Silence, soul searching in wake of heartbreak
I’ve been especially quiet here on Not Strictly Spiritual lately, in case you haven’t noticed. The usual banter stopped Friday morning, when everything stopped for just about everyone. I don’t even think I was breathing as I watched the first news reports from Newtown, but I do know I was crying. And crying and crying and crying. I just couldn’t stop.
Since that moment I’ve been disconnected from most of my usual social media habits. Other than checking in now and then, I just didn’t want to be online. I didn’t want to read the sad posts. I certainly didn’t want to read the political posts. I didn’t want to see one more news story. I didn’t turn on the TV for the entire weekend. Couldn’t do it. Not for five minutes.
I don’t really even want to be here on this blog right now, but I feel like I should be here. So here I am. What can I say that will make you feel better? What can I say that will make me feel better? I won’t pretend to know. Not since 9-11 have I felt this way. Not that there hasn’t been heartache and suffering and plenty of violent deaths to go around since that terrible day, but this was different. To me, Newtown was — is — a game changer, a tipping point. And that requires some serious soul searching. In that context, blogging just didn’t seem to matter. I felt a need to look inward, as I think most people did, and to hug my children tight and shut out the rest of the world for a bit.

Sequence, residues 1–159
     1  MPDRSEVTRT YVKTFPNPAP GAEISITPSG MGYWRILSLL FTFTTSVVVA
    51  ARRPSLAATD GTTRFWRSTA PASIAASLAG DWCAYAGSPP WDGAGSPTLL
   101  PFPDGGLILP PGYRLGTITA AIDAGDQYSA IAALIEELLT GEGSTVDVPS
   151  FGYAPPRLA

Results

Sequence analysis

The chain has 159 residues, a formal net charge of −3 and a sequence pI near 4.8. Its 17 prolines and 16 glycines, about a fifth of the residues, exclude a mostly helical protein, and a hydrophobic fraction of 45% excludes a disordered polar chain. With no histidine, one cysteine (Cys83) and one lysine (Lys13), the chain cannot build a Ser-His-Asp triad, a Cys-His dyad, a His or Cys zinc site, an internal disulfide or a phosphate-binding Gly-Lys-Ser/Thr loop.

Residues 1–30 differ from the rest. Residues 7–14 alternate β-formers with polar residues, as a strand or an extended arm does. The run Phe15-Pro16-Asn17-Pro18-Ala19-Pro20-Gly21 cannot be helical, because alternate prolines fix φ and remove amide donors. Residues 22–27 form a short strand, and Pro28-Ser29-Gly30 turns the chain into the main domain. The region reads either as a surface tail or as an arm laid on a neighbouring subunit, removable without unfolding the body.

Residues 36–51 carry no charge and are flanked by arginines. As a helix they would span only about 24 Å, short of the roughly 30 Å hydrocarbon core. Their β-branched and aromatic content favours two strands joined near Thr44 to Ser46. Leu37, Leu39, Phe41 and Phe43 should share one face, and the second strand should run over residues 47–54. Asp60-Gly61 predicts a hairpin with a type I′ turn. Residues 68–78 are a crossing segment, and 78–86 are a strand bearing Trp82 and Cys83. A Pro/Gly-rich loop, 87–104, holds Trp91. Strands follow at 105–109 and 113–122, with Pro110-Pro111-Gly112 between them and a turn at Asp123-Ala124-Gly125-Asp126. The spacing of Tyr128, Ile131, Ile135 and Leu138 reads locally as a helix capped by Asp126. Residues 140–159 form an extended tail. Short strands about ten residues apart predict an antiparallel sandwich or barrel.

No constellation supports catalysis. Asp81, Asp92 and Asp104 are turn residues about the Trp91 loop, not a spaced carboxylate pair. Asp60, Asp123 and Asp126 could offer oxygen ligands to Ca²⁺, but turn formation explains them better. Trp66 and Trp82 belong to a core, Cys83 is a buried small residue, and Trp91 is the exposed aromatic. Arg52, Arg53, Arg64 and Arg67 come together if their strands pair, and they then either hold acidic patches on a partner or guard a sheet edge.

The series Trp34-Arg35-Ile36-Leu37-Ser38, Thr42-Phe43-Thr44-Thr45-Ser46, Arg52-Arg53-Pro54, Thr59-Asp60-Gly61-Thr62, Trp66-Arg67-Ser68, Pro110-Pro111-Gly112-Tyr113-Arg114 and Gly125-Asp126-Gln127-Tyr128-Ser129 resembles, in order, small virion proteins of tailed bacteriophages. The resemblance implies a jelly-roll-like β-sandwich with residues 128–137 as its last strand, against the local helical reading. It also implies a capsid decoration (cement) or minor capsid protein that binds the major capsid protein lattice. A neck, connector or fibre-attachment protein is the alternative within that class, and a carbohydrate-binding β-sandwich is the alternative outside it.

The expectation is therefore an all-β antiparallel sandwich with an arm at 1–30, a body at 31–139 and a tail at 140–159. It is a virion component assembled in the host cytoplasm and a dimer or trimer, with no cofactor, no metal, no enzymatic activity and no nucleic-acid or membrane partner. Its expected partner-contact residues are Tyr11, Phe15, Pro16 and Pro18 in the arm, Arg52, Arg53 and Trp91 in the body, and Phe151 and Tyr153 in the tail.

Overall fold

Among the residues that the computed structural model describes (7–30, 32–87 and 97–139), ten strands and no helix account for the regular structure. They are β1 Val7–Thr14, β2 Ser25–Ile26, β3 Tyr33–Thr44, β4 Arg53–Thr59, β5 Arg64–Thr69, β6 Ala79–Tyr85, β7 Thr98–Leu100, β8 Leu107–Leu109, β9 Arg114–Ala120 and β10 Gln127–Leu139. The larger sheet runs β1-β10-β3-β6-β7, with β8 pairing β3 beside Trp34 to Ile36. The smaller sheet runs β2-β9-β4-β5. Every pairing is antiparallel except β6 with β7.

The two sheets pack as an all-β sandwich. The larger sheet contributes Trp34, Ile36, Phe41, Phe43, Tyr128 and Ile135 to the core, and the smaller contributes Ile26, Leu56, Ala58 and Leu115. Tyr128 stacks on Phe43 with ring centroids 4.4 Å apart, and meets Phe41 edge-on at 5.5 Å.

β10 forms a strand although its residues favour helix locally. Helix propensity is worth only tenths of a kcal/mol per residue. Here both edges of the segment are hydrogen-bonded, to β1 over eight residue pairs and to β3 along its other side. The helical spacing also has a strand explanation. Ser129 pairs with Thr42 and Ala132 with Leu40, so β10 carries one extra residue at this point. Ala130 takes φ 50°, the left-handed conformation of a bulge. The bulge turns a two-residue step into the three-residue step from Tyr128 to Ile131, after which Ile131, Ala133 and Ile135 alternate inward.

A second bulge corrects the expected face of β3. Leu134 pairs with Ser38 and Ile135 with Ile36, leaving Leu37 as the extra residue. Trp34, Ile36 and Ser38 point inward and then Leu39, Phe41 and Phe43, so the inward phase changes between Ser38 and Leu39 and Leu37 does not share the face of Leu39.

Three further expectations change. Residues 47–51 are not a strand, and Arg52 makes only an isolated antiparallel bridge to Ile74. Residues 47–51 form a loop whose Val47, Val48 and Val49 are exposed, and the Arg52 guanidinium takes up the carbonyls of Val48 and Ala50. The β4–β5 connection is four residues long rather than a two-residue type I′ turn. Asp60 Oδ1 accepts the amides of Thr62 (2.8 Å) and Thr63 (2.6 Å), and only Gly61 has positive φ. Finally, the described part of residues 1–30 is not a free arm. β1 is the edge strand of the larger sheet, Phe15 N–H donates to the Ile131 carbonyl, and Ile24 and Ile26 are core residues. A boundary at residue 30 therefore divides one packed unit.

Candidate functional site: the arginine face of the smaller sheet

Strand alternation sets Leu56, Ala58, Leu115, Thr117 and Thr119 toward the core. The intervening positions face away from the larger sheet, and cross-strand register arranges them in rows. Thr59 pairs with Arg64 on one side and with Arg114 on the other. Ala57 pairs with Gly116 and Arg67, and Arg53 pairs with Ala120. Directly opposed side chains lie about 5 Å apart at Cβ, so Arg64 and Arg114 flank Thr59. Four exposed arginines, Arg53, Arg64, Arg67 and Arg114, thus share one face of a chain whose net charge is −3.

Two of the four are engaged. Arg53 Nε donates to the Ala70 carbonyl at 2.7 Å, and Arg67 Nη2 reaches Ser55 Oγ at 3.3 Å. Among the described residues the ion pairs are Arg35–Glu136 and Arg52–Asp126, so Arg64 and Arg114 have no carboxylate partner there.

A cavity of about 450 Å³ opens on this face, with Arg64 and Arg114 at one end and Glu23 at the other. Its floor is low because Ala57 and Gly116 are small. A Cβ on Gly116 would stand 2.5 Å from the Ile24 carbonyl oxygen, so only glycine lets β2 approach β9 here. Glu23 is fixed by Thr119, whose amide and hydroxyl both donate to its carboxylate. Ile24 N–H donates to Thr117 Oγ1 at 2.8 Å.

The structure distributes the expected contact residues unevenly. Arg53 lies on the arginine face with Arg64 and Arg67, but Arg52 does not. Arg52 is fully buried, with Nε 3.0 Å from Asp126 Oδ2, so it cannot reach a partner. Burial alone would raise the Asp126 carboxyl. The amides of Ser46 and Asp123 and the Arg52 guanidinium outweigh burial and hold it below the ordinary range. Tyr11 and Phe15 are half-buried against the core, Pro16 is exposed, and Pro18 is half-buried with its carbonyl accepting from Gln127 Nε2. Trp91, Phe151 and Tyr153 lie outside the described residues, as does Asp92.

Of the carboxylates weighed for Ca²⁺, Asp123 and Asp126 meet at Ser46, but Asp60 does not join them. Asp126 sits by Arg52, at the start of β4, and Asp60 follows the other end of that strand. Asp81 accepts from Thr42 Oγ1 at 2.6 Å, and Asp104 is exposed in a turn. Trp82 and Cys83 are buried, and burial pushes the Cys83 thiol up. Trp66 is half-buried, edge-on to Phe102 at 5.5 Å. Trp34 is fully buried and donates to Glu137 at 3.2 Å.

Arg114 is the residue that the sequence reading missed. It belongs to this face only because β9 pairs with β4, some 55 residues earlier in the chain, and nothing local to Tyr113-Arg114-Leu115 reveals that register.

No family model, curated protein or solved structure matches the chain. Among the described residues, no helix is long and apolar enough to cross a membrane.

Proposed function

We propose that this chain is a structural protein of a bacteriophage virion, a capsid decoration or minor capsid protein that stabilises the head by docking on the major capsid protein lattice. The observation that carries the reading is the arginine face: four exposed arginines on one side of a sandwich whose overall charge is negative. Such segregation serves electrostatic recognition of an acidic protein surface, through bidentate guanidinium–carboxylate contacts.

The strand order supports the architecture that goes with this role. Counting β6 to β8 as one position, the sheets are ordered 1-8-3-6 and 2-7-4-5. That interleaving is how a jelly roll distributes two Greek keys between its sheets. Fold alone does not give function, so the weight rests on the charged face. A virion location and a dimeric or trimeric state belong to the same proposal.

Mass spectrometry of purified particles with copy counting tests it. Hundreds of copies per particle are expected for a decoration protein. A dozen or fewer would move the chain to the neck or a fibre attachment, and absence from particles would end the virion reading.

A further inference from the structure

When I went to Mass this past weekend, I knew there was no way I would feel the joy that typically comes with Gaudete Sunday. How could I? Yes, we are supposed to have a joy in Jesus that remains even in times of sorrow, but that’s a little unrealistic for those of us who have not yet achieved saint status. At least it is for me.
I sat in my pew praying for the victims, praying for the survivors, praying for the killer’s father, who must be going through an unimaginable kind of hell right now, and I looked and looked for a way to see joy but just couldn’t find it. Sure, I saw glimpses in my children, especially Chiara, who remains blissfully unaware of what happened, but then that joy would come crashing down as I imagined myself in the place of those 20 parents. Joy seemed self-indulgent and frivolous.
When I do build up the strength to steal a glance at a headline or a Facebook update, I am knocked back down by the beautiful faces staring out at me, faces of children who bear the same names as two of my own children. Innocent, happy faces filled with possibility and potential. And then I have to retreat again. Hug my children again. Play another round of Go Fish, and maybe not lose my patience when one of the kids asks for something for the 100th time in an afternoon. A sorrowful kind of joy is present — the joy born of gratitude for what I have — but how long will it last? Will I remember to be so patient two months from now? Will I stop what I’m doing to play a card game with Chiara after this nightmare starts to fade from our collective view?
Obviously what happened in Newtown has changed us, but will it change us for good? Will it change us for the better? I pray that we don’t forget as the weeks and months go by. I pray that those little children will lead us to a saner place, a place where going to school or the movies or the mall doesn’t fill us with trepidation or fear, a place where love is the motive for every action and peace is the goal for every person.